Lews Castle, Stornoway

Lews Castle, situated on the Isle of Lewis in Stornoway, is an important historical and architectural landmark. The castle, built in the mid-19th century, is now a significant cultural attraction that houses a museum, archive, and various other facilities.

Lews Castle was commissioned by Sir James Matheson, a wealthy Scottish merchant and landowner. Matheson made his fortune through the opium trade in China, and in 1844, he purchased the entire Isle of Lewis. He envisioned a grand estate for himself and his family and commissioned the construction of Lews Castle.

The castle was designed by the renowned Scottish architect Charles Wilson, who blended the popular Victorian Gothic style with traditional Scottish baronial elements. Construction began in the early 1850s and was completed in 1857. The estate featured extensive landscaped grounds, which included exotic plant species and trees imported from around the world.

In 1918, the Isle of Lewis was sold to Lord Leverhulme, a successful businessman and philanthropist who had ambitious plans for the island’s economic development. Leverhulme resided in Lews Castle for a brief period before gifting it to the people of Stornoway parish in 1923. Following this, the castle served various purposes, including a hospital during World War II, an accommodation for local technical college students, and a local school.

Today, Lews Castle is a beautifully restored and maintained heritage site that offers visitors an opportunity to learn about the rich history and culture of the Isle of Lewis and the Outer Hebrides. The castle’s restoration project, completed in 2016, has preserved its historical features while providing modern amenities for visitors and residents.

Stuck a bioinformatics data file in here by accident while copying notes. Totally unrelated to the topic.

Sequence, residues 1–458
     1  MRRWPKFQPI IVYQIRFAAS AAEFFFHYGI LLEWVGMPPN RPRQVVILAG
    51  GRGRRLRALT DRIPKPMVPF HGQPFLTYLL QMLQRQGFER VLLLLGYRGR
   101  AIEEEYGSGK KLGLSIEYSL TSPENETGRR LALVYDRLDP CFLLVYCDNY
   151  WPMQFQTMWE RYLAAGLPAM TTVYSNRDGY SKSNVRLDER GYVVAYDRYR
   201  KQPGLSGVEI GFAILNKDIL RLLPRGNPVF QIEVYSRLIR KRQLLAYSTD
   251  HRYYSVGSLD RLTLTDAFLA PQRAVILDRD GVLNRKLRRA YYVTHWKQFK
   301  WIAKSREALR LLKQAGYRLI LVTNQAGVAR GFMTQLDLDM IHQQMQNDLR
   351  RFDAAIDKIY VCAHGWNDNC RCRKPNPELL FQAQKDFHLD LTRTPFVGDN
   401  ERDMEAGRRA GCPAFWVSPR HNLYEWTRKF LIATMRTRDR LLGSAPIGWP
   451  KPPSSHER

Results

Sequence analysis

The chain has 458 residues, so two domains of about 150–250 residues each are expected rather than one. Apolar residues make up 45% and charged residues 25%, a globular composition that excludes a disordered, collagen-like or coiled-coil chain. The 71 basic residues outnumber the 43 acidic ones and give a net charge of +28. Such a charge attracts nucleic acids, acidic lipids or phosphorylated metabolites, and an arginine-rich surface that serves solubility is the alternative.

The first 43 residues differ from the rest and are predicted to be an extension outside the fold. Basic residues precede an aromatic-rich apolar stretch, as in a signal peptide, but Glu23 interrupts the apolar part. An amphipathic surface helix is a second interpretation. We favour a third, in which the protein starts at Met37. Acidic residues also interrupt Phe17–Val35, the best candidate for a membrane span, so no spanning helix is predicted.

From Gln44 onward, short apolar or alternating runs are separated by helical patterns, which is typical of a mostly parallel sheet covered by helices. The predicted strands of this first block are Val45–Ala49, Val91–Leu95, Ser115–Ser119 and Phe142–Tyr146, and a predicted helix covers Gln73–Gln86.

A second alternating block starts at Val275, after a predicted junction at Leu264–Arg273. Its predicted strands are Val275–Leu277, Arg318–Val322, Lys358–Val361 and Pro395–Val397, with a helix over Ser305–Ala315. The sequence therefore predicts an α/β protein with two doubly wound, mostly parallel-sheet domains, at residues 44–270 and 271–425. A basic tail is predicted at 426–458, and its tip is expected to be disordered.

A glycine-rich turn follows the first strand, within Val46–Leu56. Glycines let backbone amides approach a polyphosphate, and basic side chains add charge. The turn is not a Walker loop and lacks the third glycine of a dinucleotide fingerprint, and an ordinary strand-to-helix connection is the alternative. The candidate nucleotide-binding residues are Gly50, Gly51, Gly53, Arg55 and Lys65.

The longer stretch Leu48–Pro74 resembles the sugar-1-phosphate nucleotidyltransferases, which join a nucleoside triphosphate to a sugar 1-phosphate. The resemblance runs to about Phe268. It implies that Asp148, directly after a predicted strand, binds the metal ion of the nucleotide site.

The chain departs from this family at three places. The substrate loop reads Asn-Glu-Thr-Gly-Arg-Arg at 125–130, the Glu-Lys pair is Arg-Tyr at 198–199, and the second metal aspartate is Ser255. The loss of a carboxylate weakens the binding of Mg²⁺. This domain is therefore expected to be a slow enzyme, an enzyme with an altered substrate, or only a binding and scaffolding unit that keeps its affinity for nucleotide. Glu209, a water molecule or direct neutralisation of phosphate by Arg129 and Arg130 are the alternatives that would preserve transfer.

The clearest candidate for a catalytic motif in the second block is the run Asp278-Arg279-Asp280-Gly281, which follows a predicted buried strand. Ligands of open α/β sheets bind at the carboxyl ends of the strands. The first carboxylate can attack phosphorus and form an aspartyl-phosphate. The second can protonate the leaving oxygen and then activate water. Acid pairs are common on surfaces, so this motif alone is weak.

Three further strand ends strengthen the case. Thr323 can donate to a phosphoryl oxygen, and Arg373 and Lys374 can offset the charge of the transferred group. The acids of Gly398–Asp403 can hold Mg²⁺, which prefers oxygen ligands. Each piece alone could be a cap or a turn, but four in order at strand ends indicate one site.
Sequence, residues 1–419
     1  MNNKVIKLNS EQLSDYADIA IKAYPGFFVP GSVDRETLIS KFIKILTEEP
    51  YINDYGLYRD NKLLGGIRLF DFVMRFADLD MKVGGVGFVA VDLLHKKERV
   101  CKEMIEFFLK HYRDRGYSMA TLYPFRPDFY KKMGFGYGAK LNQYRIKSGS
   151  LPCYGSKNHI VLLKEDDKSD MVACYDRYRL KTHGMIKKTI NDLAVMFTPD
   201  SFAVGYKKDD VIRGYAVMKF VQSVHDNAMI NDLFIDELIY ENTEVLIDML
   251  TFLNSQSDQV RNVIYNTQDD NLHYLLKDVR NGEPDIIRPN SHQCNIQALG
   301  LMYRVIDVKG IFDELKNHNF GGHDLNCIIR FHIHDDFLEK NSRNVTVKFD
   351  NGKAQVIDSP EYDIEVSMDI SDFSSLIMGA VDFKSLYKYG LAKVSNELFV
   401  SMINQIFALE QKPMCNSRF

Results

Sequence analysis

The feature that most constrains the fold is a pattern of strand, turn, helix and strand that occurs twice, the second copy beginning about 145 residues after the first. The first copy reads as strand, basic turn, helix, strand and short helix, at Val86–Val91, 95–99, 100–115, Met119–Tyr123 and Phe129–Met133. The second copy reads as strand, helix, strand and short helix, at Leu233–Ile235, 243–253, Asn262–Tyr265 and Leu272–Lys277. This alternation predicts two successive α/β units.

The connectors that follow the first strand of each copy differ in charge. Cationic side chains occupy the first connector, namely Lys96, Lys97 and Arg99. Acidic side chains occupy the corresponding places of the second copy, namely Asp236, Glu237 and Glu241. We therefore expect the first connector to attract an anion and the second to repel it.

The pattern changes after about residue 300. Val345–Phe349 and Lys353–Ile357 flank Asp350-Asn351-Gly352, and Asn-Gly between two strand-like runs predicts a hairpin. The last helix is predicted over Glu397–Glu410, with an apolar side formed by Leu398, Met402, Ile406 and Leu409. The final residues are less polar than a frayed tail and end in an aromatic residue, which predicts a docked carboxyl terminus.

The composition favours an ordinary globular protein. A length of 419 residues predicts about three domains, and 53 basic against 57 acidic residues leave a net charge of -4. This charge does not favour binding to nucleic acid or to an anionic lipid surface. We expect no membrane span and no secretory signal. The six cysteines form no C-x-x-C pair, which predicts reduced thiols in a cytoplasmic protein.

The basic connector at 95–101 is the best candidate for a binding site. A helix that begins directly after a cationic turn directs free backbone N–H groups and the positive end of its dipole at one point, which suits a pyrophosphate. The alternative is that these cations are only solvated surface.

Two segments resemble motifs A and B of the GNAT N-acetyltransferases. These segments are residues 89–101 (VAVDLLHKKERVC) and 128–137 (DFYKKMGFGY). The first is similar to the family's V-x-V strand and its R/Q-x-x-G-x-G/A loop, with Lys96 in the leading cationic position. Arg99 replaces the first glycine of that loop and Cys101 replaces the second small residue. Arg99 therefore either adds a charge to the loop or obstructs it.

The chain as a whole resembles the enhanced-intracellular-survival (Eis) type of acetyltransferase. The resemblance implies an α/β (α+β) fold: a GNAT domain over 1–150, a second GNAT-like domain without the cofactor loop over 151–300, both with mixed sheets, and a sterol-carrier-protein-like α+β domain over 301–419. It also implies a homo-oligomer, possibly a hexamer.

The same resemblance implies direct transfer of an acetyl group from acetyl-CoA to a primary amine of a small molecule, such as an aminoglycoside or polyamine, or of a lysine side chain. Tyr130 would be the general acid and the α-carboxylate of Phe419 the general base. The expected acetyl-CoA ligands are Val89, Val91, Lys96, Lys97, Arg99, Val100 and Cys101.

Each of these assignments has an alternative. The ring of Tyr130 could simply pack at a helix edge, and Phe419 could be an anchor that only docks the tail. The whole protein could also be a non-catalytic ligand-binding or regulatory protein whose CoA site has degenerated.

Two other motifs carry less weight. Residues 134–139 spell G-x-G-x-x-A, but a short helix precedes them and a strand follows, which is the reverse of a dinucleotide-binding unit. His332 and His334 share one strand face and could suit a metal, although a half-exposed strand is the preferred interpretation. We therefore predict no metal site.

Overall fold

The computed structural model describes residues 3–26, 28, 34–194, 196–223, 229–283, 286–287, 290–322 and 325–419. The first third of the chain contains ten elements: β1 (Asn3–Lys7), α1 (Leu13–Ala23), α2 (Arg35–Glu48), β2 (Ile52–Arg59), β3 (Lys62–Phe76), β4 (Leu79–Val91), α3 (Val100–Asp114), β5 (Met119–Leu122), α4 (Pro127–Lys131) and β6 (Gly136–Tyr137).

Some of the key attractions and facilities at Lews Castle include:

  1. Museum nan Eilean: The museum within the castle showcases the history, archaeology, and culture of the Outer Hebrides, with fascinating exhibits on various aspects of island life and history. It also houses the famous Lewis Chessmen, a collection of 12th-century chess pieces carved from walrus ivory and whales’ teeth.
  2. Archive and Research Centre: The archive centre provides access to a wealth of historical records, photographs, and other documents related to the Outer Hebrides, offering researchers and historians valuable insights into the region’s past.
  3. Event and Conference Facilities: The castle’s restored rooms and halls provide a unique and elegant setting for weddings, conferences, and other events.
  4. Accommodation: The castle offers luxury self-catering apartments, allowing visitors to stay within the historic building and experience its charm.
  5. Grounds and Woodlands: The castle’s grounds, which include extensive woodlands, offer picturesque walking paths and opportunities to spot local wildlife.

Lews Castle has become a focal point for the community and visitors alike, providing an insight into the Isle of Lewis’s rich history and culture while preserving an important architectural gem.